Taxpayer-subsidized health insurance is available for a modest cost — sometimes even free — across the country, but industry officials and independent researchers say few people seem to know how to find it. For those who lost their health insurance as layoffs mounted at the end of March, a 60-day “special enrollment” period for individual coverage under the ACA closes next week in most states.
Altheia Franklin, who lives near Houston, lost her medical plan after being laid off from a job at an upscale retirement community, as a counselor to seniors making the move. Stay-at-home orders and higher virus risks for older people have put such life transitions on hold in the pandemic.
Franklin said she received plenty of government information about coronavirus safety and economic stimulus payments, but “the insurance piece just has not been mentioned.”
She scrambled and finally found an ACA — or “Obamacare” — plan she could still afford on a reduced income. “We are in the middle of a pandemic, and God forbid if I get sick and I don’t have it,” she said of her health insurance.
The nonpartisan Kaiser Family Foundation estimates that nearly 27 million workers and family members had lost job-based health coverage as of the start of this month, a number now likely higher with unemployment claims rising.
In a counter-intuitive finding, Kaiser’s study also estimated that nearly 8 in 10 of the newly uninsured would likely qualify for some sort of coverage under former President Barack Obama’s health law, either a private plan like Franklin found, or Medicaid.
“The ACA is there as a safety net for the first time in an economic downturn,” said Kaiser foundation expert Larry Levitt. But “many people losing their jobs have never had to think of relying on the ACA for coverage, so there is no reason they should be aware of their options.”
There are several options, not easy to sort through. Some have application deadlines; others do not. And the Trump administration, which still plans to ask the Supreme Court later this summer to declare “Obamacare” unconstitutional, is doing little to promote the health law’s coverage. Here’s a quick look:
SUBSIDIZED PRIVATE INSURANCE
Like Altheia Franklin, people who lose workplace insurance generally have 60 days from when their coverage ended to apply for an ACA plan. They can go to the federal HealthCare.gov or their state’s health insurance website. Most states that run their own health insurance marketplaces have provided an extended sign-up period for people who lost coverage in the pandemic. The federal marketplace, serving most of the country, has not.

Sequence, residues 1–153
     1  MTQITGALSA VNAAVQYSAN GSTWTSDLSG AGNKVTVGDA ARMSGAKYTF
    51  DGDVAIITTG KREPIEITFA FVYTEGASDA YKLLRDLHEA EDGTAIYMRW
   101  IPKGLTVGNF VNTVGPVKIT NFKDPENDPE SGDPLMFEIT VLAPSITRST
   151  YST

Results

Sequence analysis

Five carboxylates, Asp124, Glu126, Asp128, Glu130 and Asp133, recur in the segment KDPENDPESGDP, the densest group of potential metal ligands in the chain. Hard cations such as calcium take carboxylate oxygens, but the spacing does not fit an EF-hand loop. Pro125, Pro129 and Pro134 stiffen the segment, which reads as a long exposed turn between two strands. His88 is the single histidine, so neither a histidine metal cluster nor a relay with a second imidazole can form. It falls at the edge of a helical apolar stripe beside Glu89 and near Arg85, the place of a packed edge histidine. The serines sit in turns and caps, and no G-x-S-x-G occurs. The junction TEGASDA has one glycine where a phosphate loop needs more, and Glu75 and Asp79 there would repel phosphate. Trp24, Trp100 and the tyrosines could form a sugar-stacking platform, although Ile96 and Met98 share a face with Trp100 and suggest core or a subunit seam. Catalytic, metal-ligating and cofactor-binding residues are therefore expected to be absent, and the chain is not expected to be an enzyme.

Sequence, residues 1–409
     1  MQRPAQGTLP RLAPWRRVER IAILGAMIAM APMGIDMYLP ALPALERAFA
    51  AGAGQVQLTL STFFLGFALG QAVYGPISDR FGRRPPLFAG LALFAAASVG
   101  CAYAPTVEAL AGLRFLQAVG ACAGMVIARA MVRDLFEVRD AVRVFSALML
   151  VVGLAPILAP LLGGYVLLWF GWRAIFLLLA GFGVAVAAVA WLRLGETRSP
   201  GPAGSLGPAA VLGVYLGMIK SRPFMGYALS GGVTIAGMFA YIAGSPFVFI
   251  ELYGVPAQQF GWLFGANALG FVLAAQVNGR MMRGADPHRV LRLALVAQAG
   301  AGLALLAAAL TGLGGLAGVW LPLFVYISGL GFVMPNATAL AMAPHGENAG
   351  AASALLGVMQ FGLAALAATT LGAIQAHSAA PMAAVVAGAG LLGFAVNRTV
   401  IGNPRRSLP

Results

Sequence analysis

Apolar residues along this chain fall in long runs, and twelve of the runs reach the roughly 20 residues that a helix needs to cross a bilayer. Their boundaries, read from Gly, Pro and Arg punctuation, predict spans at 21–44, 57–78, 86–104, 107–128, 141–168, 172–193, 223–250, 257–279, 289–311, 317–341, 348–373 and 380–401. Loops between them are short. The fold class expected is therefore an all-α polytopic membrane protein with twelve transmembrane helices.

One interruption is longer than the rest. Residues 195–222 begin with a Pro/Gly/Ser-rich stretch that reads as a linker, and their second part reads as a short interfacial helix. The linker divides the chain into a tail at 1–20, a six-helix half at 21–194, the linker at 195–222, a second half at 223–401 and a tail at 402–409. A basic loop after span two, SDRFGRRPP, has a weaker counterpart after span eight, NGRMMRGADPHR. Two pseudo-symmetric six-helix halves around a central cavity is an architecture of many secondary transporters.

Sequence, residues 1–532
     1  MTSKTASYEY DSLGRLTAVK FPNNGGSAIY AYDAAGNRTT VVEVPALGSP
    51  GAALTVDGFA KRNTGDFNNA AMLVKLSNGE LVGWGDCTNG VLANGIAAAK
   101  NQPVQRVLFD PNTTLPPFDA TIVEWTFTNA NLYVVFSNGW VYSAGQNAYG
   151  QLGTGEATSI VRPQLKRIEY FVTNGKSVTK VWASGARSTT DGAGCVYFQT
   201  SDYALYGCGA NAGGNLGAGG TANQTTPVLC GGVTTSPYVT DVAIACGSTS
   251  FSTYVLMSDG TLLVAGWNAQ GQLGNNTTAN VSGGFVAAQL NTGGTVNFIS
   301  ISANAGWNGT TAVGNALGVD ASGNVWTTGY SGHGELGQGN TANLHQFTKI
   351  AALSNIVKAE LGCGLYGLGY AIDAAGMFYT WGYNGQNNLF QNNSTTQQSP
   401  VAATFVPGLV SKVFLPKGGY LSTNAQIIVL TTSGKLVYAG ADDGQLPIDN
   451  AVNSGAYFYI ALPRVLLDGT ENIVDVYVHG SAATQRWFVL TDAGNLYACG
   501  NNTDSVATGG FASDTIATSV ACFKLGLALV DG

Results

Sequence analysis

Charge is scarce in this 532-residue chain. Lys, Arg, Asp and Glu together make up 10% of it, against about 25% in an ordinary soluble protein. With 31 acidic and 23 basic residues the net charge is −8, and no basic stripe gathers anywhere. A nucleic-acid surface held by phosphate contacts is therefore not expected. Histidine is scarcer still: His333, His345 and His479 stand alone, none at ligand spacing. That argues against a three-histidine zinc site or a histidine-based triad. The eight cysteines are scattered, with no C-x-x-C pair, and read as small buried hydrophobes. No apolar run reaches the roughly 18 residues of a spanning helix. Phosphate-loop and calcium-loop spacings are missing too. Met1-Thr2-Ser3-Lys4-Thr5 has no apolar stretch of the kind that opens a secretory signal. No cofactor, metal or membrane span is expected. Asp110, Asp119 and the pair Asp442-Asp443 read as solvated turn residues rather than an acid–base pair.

MEDICAID FOR ADULTS
Nearly three-fourths of the states have expanded Medicaid to low-income adults under the Obama health law. In those states, low-income adults can qualify for free or very low cost coverage. There is no sign-up deadline. The Kaiser foundation estimates that nearly 13 million people who lost job-based insurance are eligible for Medicaid. But that option is not available in most Southern states, as well as some in the Midwest and Plains, because they have not expanded Medicaid.
CHILDREN’S HEALTH INSURANCE
Laid-off workers should be able to get their children covered even if the adults in the family cannot help. The federal-state Children’s Health Insurance Program and Medicaid cover kids in families with incomes well above the poverty level. “Medicaid is open year round if you are a parent with kids who need coverage,” said Joan Alker, director of the Center for Children and Families at Georgetown University. Children’s coverage predates the ACA.
People can continue their employer coverage under a federal law known as COBRA, but they have to pay 102% of the premium — too much for most who are out of work. If there’s another coronavirus bill from Congress, it might include subsidies for COBRA coverage.
Government statistics on people losing —and finding— health insurance coverage in the coronavirus contraction won’t be available for months.
The head of a California company that helps people find ACA coverage says most of the new sign-ups they’re seeing are people who qualify for Medicaid, and there’s been only a modest uptick for subsidized private plans.
“We are all wondering where the heck is everybody,” said George Kalogeropoulos, CEO of Health Sherpa.
“People first are trying to apply for unemployment, and many of them getting stuck there,” he added. “Health care is the secondary thing, and if they get stuck in unemployment, people may never do the health care thing.”
Alker, the Georgetown University expert, said insurance protection has been neglected in the pandemic.
“Having health insurance has never been more important,” she said. “We need a national commitment to make these newly uninsured people aware of their options.”